Some dance people on Facebook post that they are going to kick butt at a competition. I wonder if they are missing the point? Are they passing the “kick butt” mentality on to their students and parents who will be disappointed if they don’t end up kicking butt? Instead should we express how excited we are to see other …dancers do their thing? We need to understand that dance is a gift, not a tool to beat others?

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On My Mind | September 2008

Several weeks ago I hosted a national dance competition for some old friends. It had been five years since my last national competition experience, so I didn’t know what to expect. But as I sat in the host chair, I was pleasantly surprised. The caliber of talent and creativity was better than I expected, and I love to see young dancers with an obvious passion for our art. They were abundant at this event.

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Ballet Scene | Leaping Into the Future

On a warm Friday evening in April, the packed audience at the 860-seat Skirball Center for the Performing Arts breathes as one. Together the viewers gasp as a petite dancer loses her balance at the end of an impressive variation; they burst into applause as the next dancer executes 16 perfectly placed fouettés; and they fall into respectful silence as yet another competitor’s number is announced. The crowd is a mixture of nervous fellow competitors, eager young dance students, attentive coaches, and proud parents, all gathered in lower Manhattan for the final rounds of the Youth America Grand Prix.

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Words to Learn By

Most dance teachers would think twice before saying that the reason they send their students to competitions is to win, win, win! There’s no denying that coming home with an award in hand is a heady feeling, and there’s nothing wrong with that. But the real reason for competing, most would agree, is that it offers students—and teachers as well— one heck of a learning experience. Although the in-the-moment glow of being onstage has its own lessons, much of what can be learned at a competition comes in the form of words: valuable words of advice and constructive criticism offered by the event’s judges.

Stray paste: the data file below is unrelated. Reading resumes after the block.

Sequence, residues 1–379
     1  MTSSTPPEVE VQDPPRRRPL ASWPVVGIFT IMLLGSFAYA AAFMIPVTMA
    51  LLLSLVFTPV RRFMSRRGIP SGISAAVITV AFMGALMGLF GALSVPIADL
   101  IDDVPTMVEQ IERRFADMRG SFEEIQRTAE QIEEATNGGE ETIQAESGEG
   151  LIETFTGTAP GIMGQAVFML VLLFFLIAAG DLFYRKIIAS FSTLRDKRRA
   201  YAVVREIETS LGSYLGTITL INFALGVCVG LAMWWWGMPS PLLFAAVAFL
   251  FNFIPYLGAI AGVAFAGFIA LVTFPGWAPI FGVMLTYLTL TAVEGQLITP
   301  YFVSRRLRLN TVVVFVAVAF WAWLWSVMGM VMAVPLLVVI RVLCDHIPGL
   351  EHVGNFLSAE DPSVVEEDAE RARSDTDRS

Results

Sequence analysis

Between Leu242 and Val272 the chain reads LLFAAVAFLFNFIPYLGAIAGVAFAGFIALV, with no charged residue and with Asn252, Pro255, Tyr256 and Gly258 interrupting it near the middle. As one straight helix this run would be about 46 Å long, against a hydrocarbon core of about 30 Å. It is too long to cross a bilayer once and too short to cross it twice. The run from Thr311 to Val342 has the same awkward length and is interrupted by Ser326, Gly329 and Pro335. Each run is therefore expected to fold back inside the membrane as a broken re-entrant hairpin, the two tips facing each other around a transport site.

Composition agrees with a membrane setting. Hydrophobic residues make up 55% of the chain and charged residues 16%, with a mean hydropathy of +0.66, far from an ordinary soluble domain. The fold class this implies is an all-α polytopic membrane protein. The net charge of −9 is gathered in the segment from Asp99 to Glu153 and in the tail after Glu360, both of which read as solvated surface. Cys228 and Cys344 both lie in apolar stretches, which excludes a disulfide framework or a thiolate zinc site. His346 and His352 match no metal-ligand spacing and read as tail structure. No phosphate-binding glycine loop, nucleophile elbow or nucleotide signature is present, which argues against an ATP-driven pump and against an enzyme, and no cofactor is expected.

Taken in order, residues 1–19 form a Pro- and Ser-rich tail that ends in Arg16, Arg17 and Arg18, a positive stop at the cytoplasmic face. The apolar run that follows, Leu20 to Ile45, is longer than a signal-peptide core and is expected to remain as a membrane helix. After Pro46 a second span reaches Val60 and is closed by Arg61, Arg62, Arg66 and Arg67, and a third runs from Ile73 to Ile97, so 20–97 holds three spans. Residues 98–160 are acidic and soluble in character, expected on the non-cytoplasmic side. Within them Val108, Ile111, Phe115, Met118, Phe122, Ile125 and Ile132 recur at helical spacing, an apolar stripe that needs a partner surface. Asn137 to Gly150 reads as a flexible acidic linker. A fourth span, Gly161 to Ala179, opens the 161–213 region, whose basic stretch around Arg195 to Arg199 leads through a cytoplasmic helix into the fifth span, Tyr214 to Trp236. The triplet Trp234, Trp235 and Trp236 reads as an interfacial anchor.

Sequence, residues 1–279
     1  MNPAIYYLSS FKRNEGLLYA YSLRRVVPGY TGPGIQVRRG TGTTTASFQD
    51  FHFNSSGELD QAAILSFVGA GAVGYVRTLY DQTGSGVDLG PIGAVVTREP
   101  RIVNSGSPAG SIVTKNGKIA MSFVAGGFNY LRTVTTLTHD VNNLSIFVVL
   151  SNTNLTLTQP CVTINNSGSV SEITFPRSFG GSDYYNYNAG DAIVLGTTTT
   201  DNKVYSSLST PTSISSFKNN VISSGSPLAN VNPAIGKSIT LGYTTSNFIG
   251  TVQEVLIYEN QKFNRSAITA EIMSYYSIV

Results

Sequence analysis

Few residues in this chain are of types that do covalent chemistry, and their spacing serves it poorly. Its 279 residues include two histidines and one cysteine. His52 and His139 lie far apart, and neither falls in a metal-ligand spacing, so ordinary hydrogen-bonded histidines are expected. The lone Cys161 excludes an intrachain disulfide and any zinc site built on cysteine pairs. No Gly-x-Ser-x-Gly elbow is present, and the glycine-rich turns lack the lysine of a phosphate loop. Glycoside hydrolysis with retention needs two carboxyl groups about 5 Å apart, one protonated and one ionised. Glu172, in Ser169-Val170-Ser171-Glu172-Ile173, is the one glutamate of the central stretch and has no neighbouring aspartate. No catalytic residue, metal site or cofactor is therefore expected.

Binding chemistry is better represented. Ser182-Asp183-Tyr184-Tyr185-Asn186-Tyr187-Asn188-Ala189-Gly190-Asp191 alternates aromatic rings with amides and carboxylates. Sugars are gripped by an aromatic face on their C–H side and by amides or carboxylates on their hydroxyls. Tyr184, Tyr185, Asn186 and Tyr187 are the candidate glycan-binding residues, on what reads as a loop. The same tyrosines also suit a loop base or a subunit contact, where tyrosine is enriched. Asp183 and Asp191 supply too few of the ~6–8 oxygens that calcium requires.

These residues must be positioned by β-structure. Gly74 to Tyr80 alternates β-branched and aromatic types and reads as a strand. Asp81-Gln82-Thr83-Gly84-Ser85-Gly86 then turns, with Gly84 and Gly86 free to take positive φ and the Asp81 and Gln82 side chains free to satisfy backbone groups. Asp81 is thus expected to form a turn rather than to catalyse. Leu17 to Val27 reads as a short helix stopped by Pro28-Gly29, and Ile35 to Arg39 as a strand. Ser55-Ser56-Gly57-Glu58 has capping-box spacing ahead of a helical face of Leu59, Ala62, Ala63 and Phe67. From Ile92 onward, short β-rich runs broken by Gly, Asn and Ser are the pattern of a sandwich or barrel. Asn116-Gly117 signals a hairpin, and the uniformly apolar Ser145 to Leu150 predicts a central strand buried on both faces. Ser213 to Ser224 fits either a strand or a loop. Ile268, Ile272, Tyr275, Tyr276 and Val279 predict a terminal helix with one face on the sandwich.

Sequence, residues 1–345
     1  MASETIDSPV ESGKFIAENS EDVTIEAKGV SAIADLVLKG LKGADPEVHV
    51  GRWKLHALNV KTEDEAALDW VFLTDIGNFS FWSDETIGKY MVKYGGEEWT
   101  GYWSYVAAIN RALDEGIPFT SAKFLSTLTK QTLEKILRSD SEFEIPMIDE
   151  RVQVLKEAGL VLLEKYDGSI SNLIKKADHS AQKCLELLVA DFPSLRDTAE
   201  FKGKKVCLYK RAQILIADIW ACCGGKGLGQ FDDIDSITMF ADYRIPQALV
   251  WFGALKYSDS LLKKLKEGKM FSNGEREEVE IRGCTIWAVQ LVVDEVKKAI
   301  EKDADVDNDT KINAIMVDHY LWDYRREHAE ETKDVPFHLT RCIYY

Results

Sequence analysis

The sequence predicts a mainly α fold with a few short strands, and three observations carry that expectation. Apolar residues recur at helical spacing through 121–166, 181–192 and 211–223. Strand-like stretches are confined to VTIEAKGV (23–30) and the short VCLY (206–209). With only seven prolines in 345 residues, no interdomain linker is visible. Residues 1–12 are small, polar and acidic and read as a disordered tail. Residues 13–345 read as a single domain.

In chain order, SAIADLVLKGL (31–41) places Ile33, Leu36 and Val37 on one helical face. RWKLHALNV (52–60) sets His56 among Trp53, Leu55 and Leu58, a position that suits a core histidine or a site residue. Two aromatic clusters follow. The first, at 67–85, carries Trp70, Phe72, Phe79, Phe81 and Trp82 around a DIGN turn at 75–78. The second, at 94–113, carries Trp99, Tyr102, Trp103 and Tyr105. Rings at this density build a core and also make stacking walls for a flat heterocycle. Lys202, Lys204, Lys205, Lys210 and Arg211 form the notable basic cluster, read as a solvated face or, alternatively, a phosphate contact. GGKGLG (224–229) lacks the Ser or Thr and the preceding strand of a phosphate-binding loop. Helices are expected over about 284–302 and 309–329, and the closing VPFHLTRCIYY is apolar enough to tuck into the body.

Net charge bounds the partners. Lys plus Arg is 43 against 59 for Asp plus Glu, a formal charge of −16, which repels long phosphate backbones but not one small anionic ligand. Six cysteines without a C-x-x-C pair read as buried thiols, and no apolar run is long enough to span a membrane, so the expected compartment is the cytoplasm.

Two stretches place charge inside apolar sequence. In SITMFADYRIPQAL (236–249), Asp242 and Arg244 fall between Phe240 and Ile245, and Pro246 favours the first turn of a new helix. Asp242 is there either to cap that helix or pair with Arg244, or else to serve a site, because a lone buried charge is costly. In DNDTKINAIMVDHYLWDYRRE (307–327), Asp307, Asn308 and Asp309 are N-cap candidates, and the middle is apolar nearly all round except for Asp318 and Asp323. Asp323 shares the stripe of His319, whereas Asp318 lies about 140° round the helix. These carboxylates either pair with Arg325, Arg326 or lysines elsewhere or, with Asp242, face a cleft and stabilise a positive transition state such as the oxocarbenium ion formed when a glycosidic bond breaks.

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Common Ground: for teachers and students | Competition Kids Tell It Like It Is

With the competition field growing every year, there must be some persuasive reasons why young dancers keep showing up at these events weekend after weekend. Who better to tell us why they compete than the students themselves? Dance Studio Life talked to six students who told us why they put their hearts and souls into the competition team, what they are learning, and the joys and sorrows of competing.

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Dancing for Dollars

Owners of dance studios that participate in competitions know that to do well requires hard work, good choreography, and dedicated and talented dancers. So when you hear “And the first-place winner is . . .” and your studio’s name is called, you have reason to be excited and proud of your accomplishments. It’s likely that a lot of people participated in making that number first rate: the teachers who gave the students good technique, the studio owner who provided them with the opportunity to compete, the choreographer who shared his or her creativity with them—and of course the students themselves, who carried out the assignment effectively.